Young ACT

From Wikipedia, the free encyclopedia
  (Redirected from ACT on Campus)
Jump to: navigation, search
Young ACT
President Sylvester Kuo
Vice President Mike Burrow
Treasurer Tim Yang
Secretary General Tommy Rees
Founded 1996
Ideology Libertarian / Classical Liberal
Mother party ACT Party

Young ACT, formerly known as ACT on Campus is the autonomous youth wing of the ACT Party; a classical liberal[citation needed] political party in New Zealand.


Young ACT was first formed in 1996 at the Victoria University of Wellington and was originally called 'Prebble's Rebels' after former ACT Party leader Richard Prebble.

On 28 November 2000, the group's name was changed to 'ACTivists', became ACT on Campus in 2004 and then Young ACT in 2014. Young ACT membership is open to anyone under 30 or in full time study. The organisation operates on all university campuses in New Zealand and regularly receives national media attention for their campaigns.[citation needed]


Keep It 18 – Liquor Laws[edit]

Young ACT was part of the Keep It 18 campaign in 2006. The campaign, headed by Wellington student, later Member of Parliament Christopher Bishop, campaign included the youth wings of ACT, the Greens, National and Labour.[citation needed] While polls showed the public largely in favour of raising the alcohol purchase age back from 18 to 20,[citation needed] the bill, sponsored by Labour MP Martin Gallagher, was convincingly defeated on its second reading. A notable part of the campaign was petition in the form of a large calico banner. Young ACT members had the banner signed by thousands of students[citation needed] on several campuses before presenting it to Members of Parliament in Wellington. The debate was restored from 2009-2012 during the debate of the Alcohol Bill, promoted by the National-led government, where upon the youth movements of National, Labour, the Greens and NZ First,[citation needed] joined forces to push for retention of the purchase age at 18.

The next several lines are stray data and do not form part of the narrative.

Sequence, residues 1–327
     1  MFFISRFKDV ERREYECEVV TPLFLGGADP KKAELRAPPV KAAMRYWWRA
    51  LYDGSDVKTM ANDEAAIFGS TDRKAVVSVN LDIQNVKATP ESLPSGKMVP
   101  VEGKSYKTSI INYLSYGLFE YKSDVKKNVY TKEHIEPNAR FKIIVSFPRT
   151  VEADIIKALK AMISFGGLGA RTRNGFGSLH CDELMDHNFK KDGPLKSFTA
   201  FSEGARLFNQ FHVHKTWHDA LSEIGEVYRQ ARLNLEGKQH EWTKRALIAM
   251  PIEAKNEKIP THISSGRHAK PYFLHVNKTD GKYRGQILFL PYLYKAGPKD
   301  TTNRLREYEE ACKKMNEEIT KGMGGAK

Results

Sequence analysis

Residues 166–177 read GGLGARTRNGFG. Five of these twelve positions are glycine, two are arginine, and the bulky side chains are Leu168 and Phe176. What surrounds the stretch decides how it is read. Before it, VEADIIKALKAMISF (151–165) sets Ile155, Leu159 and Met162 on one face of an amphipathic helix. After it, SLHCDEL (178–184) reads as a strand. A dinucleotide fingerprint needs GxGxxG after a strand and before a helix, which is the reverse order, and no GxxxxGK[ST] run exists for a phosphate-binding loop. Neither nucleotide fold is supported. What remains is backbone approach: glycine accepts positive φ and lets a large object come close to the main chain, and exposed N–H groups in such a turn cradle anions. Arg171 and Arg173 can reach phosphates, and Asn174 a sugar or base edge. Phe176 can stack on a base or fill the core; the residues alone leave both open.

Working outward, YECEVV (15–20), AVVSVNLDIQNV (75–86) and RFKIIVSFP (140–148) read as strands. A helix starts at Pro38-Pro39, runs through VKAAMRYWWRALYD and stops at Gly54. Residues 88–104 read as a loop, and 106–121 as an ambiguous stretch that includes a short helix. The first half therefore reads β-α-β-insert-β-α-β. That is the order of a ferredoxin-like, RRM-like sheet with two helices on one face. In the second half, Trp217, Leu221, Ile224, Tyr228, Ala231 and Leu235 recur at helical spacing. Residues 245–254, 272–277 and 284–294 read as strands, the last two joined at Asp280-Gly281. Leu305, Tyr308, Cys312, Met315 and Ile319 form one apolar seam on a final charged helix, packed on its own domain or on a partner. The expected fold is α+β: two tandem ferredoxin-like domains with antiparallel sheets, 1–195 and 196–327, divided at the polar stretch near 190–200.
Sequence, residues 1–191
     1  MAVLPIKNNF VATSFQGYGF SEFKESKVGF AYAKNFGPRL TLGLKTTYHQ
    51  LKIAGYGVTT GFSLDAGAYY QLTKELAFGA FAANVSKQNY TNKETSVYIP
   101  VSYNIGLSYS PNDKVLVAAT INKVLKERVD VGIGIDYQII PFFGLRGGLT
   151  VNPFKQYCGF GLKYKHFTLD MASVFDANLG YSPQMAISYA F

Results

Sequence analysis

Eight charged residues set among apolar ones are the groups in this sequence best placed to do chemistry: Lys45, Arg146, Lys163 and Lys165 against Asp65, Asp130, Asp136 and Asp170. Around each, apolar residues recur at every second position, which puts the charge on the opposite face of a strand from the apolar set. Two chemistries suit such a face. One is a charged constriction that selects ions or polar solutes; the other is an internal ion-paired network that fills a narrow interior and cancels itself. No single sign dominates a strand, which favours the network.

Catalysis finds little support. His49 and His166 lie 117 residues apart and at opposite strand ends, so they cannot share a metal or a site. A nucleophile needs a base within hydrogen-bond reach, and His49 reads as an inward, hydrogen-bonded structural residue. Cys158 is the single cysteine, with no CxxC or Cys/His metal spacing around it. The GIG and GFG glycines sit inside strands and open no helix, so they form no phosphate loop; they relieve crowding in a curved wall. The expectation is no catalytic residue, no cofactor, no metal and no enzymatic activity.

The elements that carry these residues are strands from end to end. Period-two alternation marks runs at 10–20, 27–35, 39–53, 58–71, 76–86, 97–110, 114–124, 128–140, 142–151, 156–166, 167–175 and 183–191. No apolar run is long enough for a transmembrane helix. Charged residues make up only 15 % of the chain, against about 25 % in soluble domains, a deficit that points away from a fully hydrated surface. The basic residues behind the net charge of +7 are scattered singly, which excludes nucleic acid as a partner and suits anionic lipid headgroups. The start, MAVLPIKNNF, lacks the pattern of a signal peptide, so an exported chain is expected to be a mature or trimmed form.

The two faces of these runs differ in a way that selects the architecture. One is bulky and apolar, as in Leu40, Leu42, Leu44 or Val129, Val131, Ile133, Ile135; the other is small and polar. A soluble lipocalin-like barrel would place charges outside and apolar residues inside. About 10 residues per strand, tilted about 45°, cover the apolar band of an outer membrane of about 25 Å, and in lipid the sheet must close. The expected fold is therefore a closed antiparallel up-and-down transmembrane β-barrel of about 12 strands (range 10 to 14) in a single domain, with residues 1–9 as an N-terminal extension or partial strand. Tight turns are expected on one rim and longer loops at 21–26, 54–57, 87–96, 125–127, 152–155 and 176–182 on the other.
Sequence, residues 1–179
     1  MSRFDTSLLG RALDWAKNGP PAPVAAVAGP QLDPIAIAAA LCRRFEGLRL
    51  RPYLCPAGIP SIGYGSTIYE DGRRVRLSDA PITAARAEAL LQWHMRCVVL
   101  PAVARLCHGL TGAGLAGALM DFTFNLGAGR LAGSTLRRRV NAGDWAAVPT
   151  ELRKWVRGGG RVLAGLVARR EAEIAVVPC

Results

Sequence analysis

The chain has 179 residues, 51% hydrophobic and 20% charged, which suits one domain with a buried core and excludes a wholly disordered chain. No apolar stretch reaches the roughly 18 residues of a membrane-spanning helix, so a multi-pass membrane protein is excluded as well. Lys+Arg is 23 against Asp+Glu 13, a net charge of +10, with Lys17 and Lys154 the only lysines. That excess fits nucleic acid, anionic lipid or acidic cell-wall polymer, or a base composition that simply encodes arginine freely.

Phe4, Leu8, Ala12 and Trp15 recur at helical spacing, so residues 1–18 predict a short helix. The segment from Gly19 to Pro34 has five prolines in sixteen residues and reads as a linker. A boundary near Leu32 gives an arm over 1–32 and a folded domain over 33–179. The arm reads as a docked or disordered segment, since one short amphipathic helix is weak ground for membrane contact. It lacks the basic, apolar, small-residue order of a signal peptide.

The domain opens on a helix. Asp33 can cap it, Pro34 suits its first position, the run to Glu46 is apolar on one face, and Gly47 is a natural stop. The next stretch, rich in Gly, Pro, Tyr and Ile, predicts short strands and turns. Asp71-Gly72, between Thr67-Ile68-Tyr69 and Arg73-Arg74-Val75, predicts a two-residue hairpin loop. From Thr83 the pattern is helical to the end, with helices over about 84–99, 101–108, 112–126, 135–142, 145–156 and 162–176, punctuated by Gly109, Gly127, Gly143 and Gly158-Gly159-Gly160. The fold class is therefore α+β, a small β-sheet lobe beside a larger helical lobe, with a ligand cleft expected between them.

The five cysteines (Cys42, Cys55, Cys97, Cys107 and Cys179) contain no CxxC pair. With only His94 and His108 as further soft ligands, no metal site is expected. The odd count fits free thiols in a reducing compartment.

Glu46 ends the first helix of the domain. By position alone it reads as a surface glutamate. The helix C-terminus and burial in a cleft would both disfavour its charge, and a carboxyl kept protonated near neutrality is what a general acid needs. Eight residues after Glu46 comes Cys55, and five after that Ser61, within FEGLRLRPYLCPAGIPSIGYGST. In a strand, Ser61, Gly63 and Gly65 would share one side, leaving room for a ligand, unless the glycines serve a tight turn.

Party Pills – BZP Ban[edit]

In 2007 were active in fighting the proposed BZP ban.

In 2008, the Auckland Branch of Young ACT protested the banning of BZP by selling BZP alongside AOC memberships, annoying Progressive Party leader Jim Anderton.[1]

On April 1, 2008 (The Day after the BZP ban) Young ACT announced a sale of BZP in defiance of the new law, at midday this was revealed to be a hoax, drawing attention to a press release attacking the BZP ban and challenging Jim Anderton's 'hypothetical' youth supporters to a debate on the viability of prohibition.[citation needed]

Voluntary student membership[edit]

Young ACT have been supporters of the Education (Freedom of Association) Bill by Sir Roger Douglas and Hon Heather Roy. After leading a combined campaign with the Young Nationals to get National Party Members of Parliament to support the bill, the bill was passed into law on 27 September 2011.[2] The bill was originally given a commencement date of 1 January 2012 and took affect following the Royal Assent being given.[3] The act was opposed by the NZUSA.[4][5]